The teachers in West Virginia are happy because they won this fight, but they know it’s not over,” said Richard Ojeda, a progressive state senator running for West Virginia’s 3rd Congressional District seat. “If you talk to any teacher out there, they’ll tell you 5 percent is not enough, and they’re absolutely planning on removing these people in our state leadership who fought their efforts.”

“Teachers are definitely getting more engaged in the upcoming election,” said Howard-Jack. “They’re really looking at who supports unions, who supports education, and our Indivisible chapter is the same. We’re holding candidate forums, endorsing candidates, writing op-eds. I haven’t seen anything like this energy in the past.”

In a statement released Thursday, Alicia Priest, president of the Oklahoma Education Association, declared that as classes resume, educators “must turn our attention towards the election season. Instead of making our case at the steps of the Capitol, we have the opportunity to make our voices heard at the ballot box. The state didn’t find itself in this school funding crisis overnight. We got here by electing the wrong people to office. No more. … This fight is not over just because the school bell rings once more and our members walk back into schools. We have created a movement and there’s no stopping us now.”

Liberals across the country are hoping for a massive “blue wave” this November. In deep red states, progressives are similarly hopeful, but they are also trying to temper expectations and promote some more modest electoral objectives.

“Our goal is balance,” said Anna Langthorn, chair of the Oklahoma Democratic Party, in a recent interview with The Oklahoman“We know that when our legislature is balanced, when our statewide offices are balanced, that we see more moderate governance and more effective governance, and so that’s what we’re aiming for. We want to break the supermajority in the House. … We want to win the governor’s race. And we want to pick up some seats in the Senate, too. The exact number may not be more than 10 in each house, but we saw that having 28 [Democratic] members made a real difference in budget negotiations, and if we can get to 34 members, that would make an even bigger difference.”

Christine Porter Marsh, a first-time candidate for office in Arizona and the state’s 2016 Teacher of the Year, says she also hopes her candidacy can bring some balance to her state’s red-leaning legislature.

“The Democrats are only two seats down from creating a tie in the Arizona Senate, and in our state, there is no tiebreaker,” she explained. “A tie loses. The seat I’m running for, against an incumbent Republican, is the most purple one in our state. If we can create a tie in the senate, not even a majority, it will be a game-changer for Arizona, because then everyone at the Capitol will have to negotiate compromises, and, to me, that is really motivating.”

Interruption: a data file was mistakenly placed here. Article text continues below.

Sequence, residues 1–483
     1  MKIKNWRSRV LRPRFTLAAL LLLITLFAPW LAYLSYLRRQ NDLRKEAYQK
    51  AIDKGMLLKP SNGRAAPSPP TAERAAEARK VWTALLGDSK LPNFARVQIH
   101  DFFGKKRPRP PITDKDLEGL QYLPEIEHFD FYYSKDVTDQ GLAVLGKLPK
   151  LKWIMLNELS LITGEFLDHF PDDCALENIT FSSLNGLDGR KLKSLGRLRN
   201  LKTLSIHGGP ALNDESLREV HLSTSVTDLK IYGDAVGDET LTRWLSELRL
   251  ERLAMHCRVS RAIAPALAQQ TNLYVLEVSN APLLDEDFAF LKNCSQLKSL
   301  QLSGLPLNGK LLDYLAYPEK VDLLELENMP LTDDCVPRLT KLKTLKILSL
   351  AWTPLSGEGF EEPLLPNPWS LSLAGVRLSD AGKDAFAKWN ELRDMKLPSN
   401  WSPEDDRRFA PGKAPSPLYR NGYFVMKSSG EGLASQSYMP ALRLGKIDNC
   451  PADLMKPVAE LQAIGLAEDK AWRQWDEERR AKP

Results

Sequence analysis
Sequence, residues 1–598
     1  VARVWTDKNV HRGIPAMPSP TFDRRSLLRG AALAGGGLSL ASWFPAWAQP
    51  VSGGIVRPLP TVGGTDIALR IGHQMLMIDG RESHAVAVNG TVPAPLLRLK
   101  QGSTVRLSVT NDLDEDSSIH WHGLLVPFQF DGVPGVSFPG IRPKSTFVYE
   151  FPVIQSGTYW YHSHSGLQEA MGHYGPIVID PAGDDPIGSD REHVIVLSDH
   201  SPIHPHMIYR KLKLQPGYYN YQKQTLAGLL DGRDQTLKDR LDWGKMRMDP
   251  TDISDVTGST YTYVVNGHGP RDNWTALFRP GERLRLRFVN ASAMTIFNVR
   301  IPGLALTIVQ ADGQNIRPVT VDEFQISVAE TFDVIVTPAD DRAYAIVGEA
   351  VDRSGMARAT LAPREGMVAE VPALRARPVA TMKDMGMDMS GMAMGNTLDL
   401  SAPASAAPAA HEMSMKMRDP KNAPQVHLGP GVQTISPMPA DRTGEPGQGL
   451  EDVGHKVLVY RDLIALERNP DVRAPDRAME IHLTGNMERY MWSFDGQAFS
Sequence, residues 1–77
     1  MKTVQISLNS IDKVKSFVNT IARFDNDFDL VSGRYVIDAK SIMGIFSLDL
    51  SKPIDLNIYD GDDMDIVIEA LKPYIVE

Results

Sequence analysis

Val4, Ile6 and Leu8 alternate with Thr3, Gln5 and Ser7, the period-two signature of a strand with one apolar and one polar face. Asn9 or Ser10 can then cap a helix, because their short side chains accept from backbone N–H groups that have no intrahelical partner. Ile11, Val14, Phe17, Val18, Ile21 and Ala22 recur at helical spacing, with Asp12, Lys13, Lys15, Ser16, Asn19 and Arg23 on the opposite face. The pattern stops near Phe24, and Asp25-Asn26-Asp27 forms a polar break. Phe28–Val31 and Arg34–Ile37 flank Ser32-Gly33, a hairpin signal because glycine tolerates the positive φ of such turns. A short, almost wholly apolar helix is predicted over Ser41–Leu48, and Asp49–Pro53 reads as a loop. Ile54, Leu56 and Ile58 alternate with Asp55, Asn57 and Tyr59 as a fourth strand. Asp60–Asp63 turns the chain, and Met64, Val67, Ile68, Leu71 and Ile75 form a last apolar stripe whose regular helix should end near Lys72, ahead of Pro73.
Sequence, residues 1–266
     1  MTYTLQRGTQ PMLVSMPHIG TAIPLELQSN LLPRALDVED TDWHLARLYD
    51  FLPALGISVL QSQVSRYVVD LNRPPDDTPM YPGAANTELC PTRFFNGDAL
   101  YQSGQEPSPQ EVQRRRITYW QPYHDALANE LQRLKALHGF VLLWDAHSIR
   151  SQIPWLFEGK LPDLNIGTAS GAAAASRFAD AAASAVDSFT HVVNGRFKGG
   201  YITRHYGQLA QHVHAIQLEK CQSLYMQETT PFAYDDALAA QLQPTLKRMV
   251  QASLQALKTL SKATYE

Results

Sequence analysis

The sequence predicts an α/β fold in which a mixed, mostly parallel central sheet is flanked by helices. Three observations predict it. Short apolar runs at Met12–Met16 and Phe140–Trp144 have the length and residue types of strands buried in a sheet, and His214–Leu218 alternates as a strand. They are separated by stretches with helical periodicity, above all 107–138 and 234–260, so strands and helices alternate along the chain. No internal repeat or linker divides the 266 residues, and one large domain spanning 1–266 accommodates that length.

Marsh, who has taught for 26 years in the classroom, says she decided to run for office after realizing a little less than a year ago that her lobbying efforts at the state Capitol just weren’t having much of an effect. “My generation of teachers, the ones who have been in it for a long time, we kind of dropped the ball,” she told The Intercept. “We were too focused on staying within the walls of our own classroom — which is so noble and wonderful and that’s what kids deserve — but so many years of doing that has created the situation in which we find ourselves, where students are directly and indirectly harmed by these bad policies.”

John Waldron, who has spent the past 20 years teaching high school social studies in Tulsa, Oklahoma, ran for office for the first time in 2016. He says his race was motivated by what he felt were terrible anti-education policies coming out of his state’s legislature. Waldron lost his race, but he feels more optimistic this time around, not only because he has increased name recognition, but also because of how much more progressive organizing there’s been in his state since Trump took office.

“Our county party has been revitalized as people got back into politics after the 2016 election, and I think if there was a Democrat in the White House, the mood in Oklahoma would be very different,” he told The Intercept. “With Trump, a lot of people who would be voting are staying home out of frustration, and a lot of people who would not be so active are now being quite active.”

Waldron knows his state is conservative, but says his legislature leans even more conservative than its voters, due to special interests funding far-right candidates in uncompetitive districts. While he doesn’t really expect a blue wave that wholly flips his state’s political balance this November, he says he’s optimistic about a decade-long process where voters “move the conversation from the far right, where it is now — where politicians want to arm teachers and to get government out of everything except a woman’s uterus — back to the center.”

According to Waldron, the highly covered Oklahoma teachers strike has “given a lot of oxygen” to his political campaign, because voters, he says, are now well familiar with the demands and frustrations of educators across the state. He says he’s been offering mentorship to other first-time teacher candidates running in Oklahoma.

“I think most of us would rather stay in the classroom, but what we’ve learned from the Oklahoma experience is that teaching is a political act,” said Waldron. “I think us teachers feel ready to handle the legislature, because we deal with teen-aged kids all the time.”